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Many reviews offer comparisons of this book to Seabiscuit, appropriately so as the themes and narrative tone are remarkably similar. But I also see a strong resemblance to another American Olympic story that happened 4 decades later – our “Miracle on Ice” hockey team of 1980. In both cases global hostilities threatened Olympic boycotts, potentially crushing the once-in-a-lifetime dreams of humble college kids taking on the State subsidized titans of their sports. But the games were held, and against all odds (some of them suspicious in their advantages to the two Fascist teams) the kids rose to the occasion. This is not a spoiler – it’s well known that they win. The real drama is in the story that got them there in the first place. Brown writes that story effectively, developing the social, economic and political context, and fleshing out the characters: Coach Ulbrickson who struggled to find the right team chemistry among his talented rowers, employing crushingly superhuman training standards to ensure top conditioning. There is also shell builder George Pocock, who dispensed Yoda-like wisdom to the boys about the intangible qualities that make up a crew as opposed to a team. And of course the boys in the boat, whose own stories are compelling, especially Joe's, but several others are well highlighted.
Edward Herrmann’s flawless reading is smooth, clear and authoritative, yet also intimate in the telling of the very personal stories of Depression era America and early Third Reich Germany, as teams of rowers approached the race of a lifetime, that to the world was more than just a boat race. And just a side note - you can find video of the race on Youtube.
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‘The Boys in the Boat: Nine Americans and Their Epic Quest for Gold at the 1936 Berlin Olympic’ is a tireless story of triumph that endures beyond cliché and predictability. Reflective of a time where a generation of Americans was tested through the Dust Bowl and Great Depression, this true story of Joe Rantz and his eight University of Washington boat crew teammates follows their journey from humble origins detailing their sense of national pride and self determination to take on elite boat crews around the globe. The novel culminates into a true David and Goliath showdown between the Americans and the German national team at the 1936 Olympic Games in Berlin.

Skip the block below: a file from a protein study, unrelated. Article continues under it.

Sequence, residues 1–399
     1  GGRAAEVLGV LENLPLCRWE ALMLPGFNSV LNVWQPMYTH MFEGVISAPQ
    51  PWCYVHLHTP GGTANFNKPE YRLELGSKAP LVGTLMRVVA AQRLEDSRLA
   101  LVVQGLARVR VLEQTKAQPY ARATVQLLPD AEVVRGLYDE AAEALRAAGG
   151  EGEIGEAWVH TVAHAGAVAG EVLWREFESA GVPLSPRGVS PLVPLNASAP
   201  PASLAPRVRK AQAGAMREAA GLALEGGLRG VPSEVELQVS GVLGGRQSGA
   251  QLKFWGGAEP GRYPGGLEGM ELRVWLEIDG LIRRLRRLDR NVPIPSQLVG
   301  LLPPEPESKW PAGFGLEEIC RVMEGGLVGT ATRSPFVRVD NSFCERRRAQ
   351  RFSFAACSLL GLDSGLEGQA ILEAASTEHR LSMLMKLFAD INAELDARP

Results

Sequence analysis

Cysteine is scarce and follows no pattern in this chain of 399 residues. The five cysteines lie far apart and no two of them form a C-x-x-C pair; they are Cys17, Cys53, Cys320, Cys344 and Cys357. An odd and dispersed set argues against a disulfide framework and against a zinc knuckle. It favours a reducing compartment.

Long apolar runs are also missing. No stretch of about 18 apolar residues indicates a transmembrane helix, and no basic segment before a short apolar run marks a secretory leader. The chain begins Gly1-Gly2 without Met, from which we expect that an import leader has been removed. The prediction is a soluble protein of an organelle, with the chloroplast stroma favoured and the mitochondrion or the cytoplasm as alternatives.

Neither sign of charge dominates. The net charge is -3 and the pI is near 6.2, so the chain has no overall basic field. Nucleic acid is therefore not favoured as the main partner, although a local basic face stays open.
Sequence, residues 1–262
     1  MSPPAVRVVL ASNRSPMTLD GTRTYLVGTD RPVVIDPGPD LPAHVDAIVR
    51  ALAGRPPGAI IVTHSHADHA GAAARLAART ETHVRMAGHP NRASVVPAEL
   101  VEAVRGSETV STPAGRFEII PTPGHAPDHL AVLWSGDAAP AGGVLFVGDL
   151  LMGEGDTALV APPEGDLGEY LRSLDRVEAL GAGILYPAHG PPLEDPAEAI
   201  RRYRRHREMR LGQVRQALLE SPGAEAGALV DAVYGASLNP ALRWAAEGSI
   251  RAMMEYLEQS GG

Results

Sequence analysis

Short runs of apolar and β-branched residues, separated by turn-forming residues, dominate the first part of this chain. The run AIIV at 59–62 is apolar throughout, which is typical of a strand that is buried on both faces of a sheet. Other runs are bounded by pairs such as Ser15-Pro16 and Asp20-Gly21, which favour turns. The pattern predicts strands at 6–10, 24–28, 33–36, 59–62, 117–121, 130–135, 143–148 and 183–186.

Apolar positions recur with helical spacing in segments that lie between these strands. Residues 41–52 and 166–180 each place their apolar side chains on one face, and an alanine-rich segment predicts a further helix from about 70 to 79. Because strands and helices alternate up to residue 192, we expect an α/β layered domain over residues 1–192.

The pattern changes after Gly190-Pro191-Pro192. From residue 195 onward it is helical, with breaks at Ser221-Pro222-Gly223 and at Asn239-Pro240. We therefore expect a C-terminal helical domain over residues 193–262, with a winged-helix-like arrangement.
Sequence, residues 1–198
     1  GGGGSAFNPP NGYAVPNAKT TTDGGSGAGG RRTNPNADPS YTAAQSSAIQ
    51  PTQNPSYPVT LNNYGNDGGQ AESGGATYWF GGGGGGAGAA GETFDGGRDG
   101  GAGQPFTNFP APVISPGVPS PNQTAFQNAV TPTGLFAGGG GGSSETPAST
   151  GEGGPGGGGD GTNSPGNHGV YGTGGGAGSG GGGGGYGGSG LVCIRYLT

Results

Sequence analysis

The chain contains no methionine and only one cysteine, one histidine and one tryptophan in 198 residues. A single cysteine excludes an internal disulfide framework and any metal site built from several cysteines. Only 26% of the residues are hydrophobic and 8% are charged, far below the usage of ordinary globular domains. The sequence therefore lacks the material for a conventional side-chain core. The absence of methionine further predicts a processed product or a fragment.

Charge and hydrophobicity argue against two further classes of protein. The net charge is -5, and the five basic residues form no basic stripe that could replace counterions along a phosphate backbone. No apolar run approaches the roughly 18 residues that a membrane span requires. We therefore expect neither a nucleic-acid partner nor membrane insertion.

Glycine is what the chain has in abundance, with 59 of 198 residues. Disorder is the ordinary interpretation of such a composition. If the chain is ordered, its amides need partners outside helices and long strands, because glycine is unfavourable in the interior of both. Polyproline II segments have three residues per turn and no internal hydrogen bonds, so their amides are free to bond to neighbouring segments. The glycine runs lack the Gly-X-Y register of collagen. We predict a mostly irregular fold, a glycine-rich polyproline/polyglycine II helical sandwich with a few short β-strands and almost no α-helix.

The drama within the novel lies more with the interpersonal stories than just the action on the water, but you will not be disappointed by author Daniel Brown’s balance and character development. This is a story that could easily be fraught with predictability, but it never happens. The novel has so much depth and narration so flowing, you will still be glued to the headphones with anticipation of finding out how the details of the story unfold.
Given Edward Herrmann’s remarkable storytelling of ‘Unbroken’ and ‘The Johnstown Flood’, he is undoubtedly the best, natural choice for narrator. Herrmann brings Dan Brown’s words to life with a balance of smooth calmness, wit, and explosive theatrics in storytelling that few narrators have mastered.
If you enjoy literary non-fiction audiobooks like ‘Unbroken’ by Laura Hillenbrand or ‘The Worst Hard Time’ by Timothy Egan, I promise that you will not be disappointed listening to ‘Boys in The Boat’.
52 of 59 people found this review helpful